Tooth decay, or dental caries, is caused by prolonged exposure to acids produced by bacteria in the mouth. We cannot avoid bacteria in the air. When we breathe it enters the mouth and attaches itself to everything, including the teeth. In fact, there are more microcosms in one mouth than there are people on the earth.
Sugar is the main culprit in tooth decay, because that is what the bacteria eat. Bacteria then produce acids as a byproduct. Those acids eat at the enamel of our teeth, until hole or cavity in the tooth appears.
Our story begins in the 17th century, when sugar plantations developed in the “new world.” Until then food was produced and prepared with much less added sugar. Then the 18th century saw sugar beets being harvested in England. Now, virtually everything we consume, from cereal in the morning to steak and eggs at night contains extra sugar. Bacteria on our teeth count themselves lucky to live in the 21st century, where there is an almost unlimited supply of free food for them to thrive on.
We are in cahoots with sugar and bacteria when we do not brush and clean our teeth. Leaving the bacteria to feed upon sugar and produce acids in our mouths allows the bacteria time to form a visibly organized colony between the gums and the tooth that we call plaque. Plaque actually acts as a cover for the acids that sit on the surface of our enamel. Without cleaning, acids will eat at out enamel almost at will, creating tooth decay and dental caries.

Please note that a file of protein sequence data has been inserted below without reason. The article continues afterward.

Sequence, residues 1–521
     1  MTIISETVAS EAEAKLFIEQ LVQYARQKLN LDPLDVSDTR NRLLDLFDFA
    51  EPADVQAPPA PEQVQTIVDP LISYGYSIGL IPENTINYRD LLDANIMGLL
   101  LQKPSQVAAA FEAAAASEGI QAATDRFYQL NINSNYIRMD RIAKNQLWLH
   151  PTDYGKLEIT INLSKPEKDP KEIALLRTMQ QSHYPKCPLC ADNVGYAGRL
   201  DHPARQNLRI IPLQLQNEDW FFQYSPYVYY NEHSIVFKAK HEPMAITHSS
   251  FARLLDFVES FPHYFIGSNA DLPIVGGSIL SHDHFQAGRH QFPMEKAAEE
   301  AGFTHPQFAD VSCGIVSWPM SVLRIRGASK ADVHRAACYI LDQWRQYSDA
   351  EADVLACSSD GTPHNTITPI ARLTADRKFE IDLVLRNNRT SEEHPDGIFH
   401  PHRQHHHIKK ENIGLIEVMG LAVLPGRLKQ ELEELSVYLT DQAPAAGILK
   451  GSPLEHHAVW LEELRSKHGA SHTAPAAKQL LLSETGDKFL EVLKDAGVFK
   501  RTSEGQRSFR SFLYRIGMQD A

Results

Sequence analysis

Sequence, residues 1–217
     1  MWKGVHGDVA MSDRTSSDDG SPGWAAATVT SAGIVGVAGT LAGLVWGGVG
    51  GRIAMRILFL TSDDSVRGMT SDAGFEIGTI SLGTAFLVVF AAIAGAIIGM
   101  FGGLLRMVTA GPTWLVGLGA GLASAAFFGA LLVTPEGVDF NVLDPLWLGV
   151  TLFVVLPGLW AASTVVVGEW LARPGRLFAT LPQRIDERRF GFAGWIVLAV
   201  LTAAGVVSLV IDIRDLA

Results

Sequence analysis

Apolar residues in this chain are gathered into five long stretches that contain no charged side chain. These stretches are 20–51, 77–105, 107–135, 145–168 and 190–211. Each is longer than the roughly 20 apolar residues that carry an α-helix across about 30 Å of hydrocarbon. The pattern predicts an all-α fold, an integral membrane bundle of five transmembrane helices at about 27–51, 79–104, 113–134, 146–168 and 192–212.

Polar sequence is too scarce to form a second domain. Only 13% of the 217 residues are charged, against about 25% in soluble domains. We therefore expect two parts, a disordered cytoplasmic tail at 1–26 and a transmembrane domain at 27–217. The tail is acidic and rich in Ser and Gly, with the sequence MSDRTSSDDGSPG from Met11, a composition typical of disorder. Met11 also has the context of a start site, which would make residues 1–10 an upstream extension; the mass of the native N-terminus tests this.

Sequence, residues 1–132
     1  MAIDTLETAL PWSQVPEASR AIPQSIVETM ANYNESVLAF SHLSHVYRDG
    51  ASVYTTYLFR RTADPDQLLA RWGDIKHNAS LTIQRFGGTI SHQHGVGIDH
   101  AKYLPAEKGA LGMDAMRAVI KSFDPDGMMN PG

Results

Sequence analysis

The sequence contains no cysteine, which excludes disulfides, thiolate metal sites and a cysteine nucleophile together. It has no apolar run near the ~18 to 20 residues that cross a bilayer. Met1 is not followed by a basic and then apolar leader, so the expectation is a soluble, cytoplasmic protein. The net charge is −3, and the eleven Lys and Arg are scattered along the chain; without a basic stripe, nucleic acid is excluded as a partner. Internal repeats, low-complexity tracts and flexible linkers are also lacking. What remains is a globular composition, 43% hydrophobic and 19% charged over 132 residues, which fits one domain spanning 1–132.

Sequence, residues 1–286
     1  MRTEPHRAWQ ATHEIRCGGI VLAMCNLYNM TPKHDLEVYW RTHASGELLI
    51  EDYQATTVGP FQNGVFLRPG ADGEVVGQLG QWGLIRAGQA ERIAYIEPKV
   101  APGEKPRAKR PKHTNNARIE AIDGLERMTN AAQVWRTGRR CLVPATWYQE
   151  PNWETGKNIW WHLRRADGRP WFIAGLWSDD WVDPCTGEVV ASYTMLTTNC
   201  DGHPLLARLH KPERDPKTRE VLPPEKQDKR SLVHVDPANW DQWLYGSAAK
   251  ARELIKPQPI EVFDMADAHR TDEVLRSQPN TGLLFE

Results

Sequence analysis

Decay is demineralization. In other words, the outer tissue of the tooth is so hard because it is 95% mineral. The inner tissue of the tooth, dentin, is a little softer because it is only 66% mineral. Normally, saliva is a natural remineralizer when acids have begun demineralizing, but when plaque is involved saliva is almost powerless to repair the damage. Acids will begin with a little hole in the enamel, and once it makes it through to the dentin, it eats the tooth tissue from the inside out. This means serious dental action: fillings, or even a root canal.
With plaque the acid concentration is also higher (Ph 4 or lower), packing a more potent punch through the outer enamel tissue of the tooth. Saliva could take two or more hours to even penetrate the plaque and begin the healing process.
There are a variety of preventative measures to take. I know people who have taken to a no-sweets diet to cut down on their sugar intake. There are many who bring toothpaste and a toothbrush to school or work with them in order to clean after each time they eat. Many more carry floss with them.
May I caution against two things? Please do not depend too heavily on fluoride. Little children who take in too much fluoride, even by swallowing toothpaste accidentally or unwittingly, develop dental flourosis, or yellow and white stains on their teeth in later childhood. Take it in healthy doses.
The second caution is to avoid too much brushing. People who brush excessively or applying too much pressure tear away the gums and expose the roots directly to the acids.
Now, may I suggest two things? Clean frequently and softly by brushing and by flossing. If you can hear the brushing sound as much as the other noise around the house, you are brushing too loudly. With brushing and floss, you don’t need to try too hard to eliminate the plaque or the bacteria.
My next suggestion is to carry around gum that is not only sugarless but also supplemented by a natural element called xylitol. Be careful that you choose a gum where xylitol is the leading ingredient. Xylitol fights against the habit bacteria has of settling into tissue to live. Xylitol is a natural bouncer, making cleaning throughout the day easier and cleaning in the morning or at night more thorough.
One transcendent element is sugar. It is almost impossible to escape, and it is not healthy to escape altogether. Though we cannot and should not escape it completely, we can control it and prevent its decaying effects on our teeth.